3 Takeaways for a Cookieless Future From The NYT & News Corp

Thriving in a cookieless future

The death of the cookie has rocked every industry that engages in digital advertising, but perhaps none more so than publishing. Yet while others are scrambling to replace the third-party data they’ve come to rely on, publishers find themselves in a unique position ahead of a cookieless future.

With years of first-party data to draw on thanks to digital subscription growth, media organizations have a stronger voice than ever — not to mention assets every player in the advertising ecosystem wants a piece of.

But not all publishers are in a position to seize this opportunity. There are still many questions about what the future holds and how publishers can work with brands to flourish in a post-cookie world.

In our recent webinar — How Publishers Can Thrive With 1st-Party Data — we spoke to The New York Times and News Corp about how they’re navigating this industry disruption — and how other publishers can prepare. Here are the top three takeaways from that discussion.

Thriving in a cookieless future

3 Takeaways for a Cookieless Future From The NYT & News Corp

1. The Death of the Cookie Represents Opportunity

Massive change also means massive opportunity, both for brands and the consumers they want to reach. The old way of doing business — relying on anonymous data with questionable accuracy — was never as valuable as brands may have hoped.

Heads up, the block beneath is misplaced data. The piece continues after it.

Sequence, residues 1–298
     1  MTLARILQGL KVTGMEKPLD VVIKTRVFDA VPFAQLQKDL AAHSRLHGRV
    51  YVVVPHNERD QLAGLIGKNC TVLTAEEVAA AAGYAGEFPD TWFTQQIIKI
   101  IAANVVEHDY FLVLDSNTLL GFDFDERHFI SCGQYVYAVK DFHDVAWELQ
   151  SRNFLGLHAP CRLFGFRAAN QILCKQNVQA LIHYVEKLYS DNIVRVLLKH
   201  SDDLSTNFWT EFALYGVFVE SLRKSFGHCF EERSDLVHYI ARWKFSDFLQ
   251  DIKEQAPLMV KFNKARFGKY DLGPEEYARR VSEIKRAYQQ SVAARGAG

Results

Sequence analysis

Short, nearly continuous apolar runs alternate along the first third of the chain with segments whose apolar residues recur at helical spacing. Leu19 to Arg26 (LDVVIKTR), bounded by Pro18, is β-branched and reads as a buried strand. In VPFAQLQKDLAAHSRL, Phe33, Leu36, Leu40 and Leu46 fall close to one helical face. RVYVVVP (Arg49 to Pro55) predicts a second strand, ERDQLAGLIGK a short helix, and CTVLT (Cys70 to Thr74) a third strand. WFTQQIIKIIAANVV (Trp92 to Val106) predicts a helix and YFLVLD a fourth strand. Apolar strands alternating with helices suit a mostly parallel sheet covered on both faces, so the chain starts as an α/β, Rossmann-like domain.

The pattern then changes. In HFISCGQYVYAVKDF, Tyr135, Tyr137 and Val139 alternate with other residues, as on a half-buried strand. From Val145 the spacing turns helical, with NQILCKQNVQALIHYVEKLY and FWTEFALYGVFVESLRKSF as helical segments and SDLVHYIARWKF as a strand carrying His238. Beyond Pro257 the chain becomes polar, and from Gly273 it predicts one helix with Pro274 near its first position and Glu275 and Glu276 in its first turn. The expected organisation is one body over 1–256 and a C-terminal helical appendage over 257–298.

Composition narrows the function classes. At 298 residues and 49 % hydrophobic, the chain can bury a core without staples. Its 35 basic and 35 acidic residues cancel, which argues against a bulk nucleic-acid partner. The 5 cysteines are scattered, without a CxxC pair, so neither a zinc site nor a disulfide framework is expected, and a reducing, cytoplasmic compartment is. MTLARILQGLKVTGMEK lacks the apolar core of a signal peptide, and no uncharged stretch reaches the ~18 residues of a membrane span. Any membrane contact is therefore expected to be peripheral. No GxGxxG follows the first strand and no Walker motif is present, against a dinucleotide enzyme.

“Everyone knows [third-party data] sucks,” said Chris Guenther, Senior Vice President and Global Head of Programmatic at News Corp. “Everyone knows its flaws. Someone was pointing out to me the other day about the gender data that’s available via third parties — that it’s basically a coin flip….”

Yet its scalability and consistency previously made it advertisers’ go-to source for audience insights — and forced publishers to plug into a complicated ecosystem based on convoluted interdependencies and data “black boxes.” The elimination of third-party cookies now paves the way toward a more transparent cookieless future.

“We’re trying to address fundamental technology flaws in our industry, customer data security gaps, things that devalue publishers from our perspective,” Guenther said. “And so, yes, we’re cognizant of the challenges it’s going to create for ourselves and others, but fundamentally it’s a good thing. It’s a necessary thing. It’s probably a long overdue thing to have this kind of change.”

Sasha Heroy, Senior Director of Ad Platforms at The New York Times, highlighted how publishers that prioritize consumer preferences will set themselves up for success in a privacy-first world.

“It presents opportunities, especially for publishers that are subscriber-first and sensitive to what users want,” Heroy said.

“The data collection practices that are happening in the industry today are not something that we want to participate in. We want to be supporting our users’ preferences, so learning how to value our advertising in slightly different ways that protect their privacy a little better is something we’re really keen to do as well.”

2. The Time to Act is Now

Google’s plan to eliminate third-party cookies has been pushed back to late 2023, but amidst shifting consumer preferences and ever-tightening privacy regulations, publishers can’t afford to wait on the sidelines or hope for a return to the past.

“I know some people worry that marketers are going to slow down,” Heroy said. “They’re not going to feel the same sense of urgency to solve this as they had, but I’m not sure that’s true. And I think in any case, where we’re headed isn’t clear, but we aren’t regaining the past. So we need to keep moving forward. And this extra time should be something we can use to solve this a little better.”

Guenther agreed.

“Ultimately, internally within News Corp, it doesn’t change our sense of urgency,” he said.